Monday, September 26, 2011

Andrew Stanton's John Carter - Barsoom finally comes to the big screen

Dickens, Dumas, Austen, Bronte, Kipling, Blake. These names conjure images of stories from bygone era’s that are well known, and have been printed, reprinted, annotated, reprinted again, and fawned over by generations of readers and teachers. What do they all have in common? These are authors that lived a very long time ago, and wrote stories that captivate even today, but while they wrote stories of a mostly contemporary nature (Dicken’s and Kipling arguably being the most “genre” of all those mentioned) there is one man who wrote something…a little different.

Edgar Rice Burroughs. The man who invented a legend called TARZAN, first came up with a little story about a displaced Civil War soldier who, while prospecting for gold in the Arizona wilderness, is wounded by Natives. Instead of dying, he leaves his corporeal body on earth and travels to Mars (known as Barsoom to its inhabitants) where he has super strength and superhero leaping abilities. Written in 1917, the trilogy A PRINCESS OF MARS, THE GODS OF MARS, and THE WARLORD OF MARS, is not only great pulp fiction, but also a seminal Planetary Romance.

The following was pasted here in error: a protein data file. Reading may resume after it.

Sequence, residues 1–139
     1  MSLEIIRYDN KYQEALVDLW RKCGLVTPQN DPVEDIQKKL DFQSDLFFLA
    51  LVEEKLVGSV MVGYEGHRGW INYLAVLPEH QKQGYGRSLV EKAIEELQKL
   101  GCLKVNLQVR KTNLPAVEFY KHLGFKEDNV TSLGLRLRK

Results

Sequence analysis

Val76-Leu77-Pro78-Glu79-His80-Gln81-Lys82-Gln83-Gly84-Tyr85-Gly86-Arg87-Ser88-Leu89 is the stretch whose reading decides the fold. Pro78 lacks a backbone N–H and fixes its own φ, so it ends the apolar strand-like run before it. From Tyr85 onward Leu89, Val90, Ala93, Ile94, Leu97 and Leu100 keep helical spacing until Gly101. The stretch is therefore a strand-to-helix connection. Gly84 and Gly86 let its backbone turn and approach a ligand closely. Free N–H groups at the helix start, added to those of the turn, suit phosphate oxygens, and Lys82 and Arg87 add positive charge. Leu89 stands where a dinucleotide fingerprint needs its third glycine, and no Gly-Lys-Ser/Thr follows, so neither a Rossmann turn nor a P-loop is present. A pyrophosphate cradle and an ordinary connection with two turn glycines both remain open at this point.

Having only read them for the first time about 2 years ago, I fell instantly in love with them. They have become a favourite of mine (that I am currently re-reading) and continue to astound me for books that were written almost 100 years ago.

I wanted to talk about the series today for one major reason. Disney and Andrew Stanton (Academy Award winner, director of films like FINDING NEMO and WALL*E) have shot a film version of the first book, which is to be called JOHN CARTER. Let’s leave aside my own preliminary thoughts on that for a moment and focus on the reaction of the fickle, fickle Internet.

Back in July, various news and rumour sites were given access to some behind the scenes creature maquettes, rough footage and even the proper trailer (which has been released to us lowly serfs as well now). They had unabashed access to the director himself who answered their questions as best he could (without spoiling things). The moaning that began after these reports and the subsequent trailer dropping, the audience reading these articles or watching this footage fall into 3 categories:

1. People who have never heard of John Carter or Burroughs work before.
2. People who HAVE heard of his work before, enjoy it, know the books and are objectively viewing the trailer.
3. People who are die-hard fans of his work, and are more than a little disgruntled.